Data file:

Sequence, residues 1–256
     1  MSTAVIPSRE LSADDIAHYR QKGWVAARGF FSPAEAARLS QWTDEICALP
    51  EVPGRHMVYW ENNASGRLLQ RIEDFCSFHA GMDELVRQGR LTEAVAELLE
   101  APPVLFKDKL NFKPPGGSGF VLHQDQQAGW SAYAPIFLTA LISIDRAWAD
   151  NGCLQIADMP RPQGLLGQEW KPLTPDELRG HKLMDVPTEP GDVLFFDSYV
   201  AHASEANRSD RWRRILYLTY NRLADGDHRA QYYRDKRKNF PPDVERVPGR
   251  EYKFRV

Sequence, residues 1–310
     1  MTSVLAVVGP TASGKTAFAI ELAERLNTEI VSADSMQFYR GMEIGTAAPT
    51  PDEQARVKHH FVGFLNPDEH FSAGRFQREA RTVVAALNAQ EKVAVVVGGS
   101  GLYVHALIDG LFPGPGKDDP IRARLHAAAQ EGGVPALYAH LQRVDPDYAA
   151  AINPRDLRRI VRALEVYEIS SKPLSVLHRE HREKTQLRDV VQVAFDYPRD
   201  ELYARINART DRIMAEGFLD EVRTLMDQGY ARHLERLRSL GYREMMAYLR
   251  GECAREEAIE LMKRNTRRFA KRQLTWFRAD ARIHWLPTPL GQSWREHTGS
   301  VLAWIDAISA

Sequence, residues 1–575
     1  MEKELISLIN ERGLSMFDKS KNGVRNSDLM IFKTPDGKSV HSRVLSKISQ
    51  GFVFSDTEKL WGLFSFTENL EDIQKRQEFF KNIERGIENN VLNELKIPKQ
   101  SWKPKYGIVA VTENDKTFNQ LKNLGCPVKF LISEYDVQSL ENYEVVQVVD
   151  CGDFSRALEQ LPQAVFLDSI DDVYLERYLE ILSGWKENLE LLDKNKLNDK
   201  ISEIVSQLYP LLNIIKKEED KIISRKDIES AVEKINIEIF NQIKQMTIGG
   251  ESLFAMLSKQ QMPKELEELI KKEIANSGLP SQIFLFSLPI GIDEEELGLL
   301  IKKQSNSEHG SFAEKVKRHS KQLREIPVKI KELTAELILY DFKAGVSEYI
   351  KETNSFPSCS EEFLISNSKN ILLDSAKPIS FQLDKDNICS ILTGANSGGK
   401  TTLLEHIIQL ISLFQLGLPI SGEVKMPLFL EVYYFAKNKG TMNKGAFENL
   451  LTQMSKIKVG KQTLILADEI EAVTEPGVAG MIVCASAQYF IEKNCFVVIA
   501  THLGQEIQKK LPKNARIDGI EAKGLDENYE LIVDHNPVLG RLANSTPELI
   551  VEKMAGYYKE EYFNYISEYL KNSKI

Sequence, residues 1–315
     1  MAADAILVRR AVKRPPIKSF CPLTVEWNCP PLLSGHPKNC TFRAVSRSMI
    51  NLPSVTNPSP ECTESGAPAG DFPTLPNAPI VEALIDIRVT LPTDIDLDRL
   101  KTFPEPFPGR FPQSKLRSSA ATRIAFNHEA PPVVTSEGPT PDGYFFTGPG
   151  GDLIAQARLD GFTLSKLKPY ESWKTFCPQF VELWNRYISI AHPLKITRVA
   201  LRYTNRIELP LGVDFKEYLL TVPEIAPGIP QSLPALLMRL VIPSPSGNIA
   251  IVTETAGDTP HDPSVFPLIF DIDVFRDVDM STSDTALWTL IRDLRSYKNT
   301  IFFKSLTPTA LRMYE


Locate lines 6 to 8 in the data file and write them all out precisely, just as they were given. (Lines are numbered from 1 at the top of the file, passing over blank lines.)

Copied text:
   201  AHASEANRSD RWRRILYLTY NRLADGDHRA QYYRDKRKNF PPDVERVPGR
   251  EYKFRV

Sequence, residues 1–310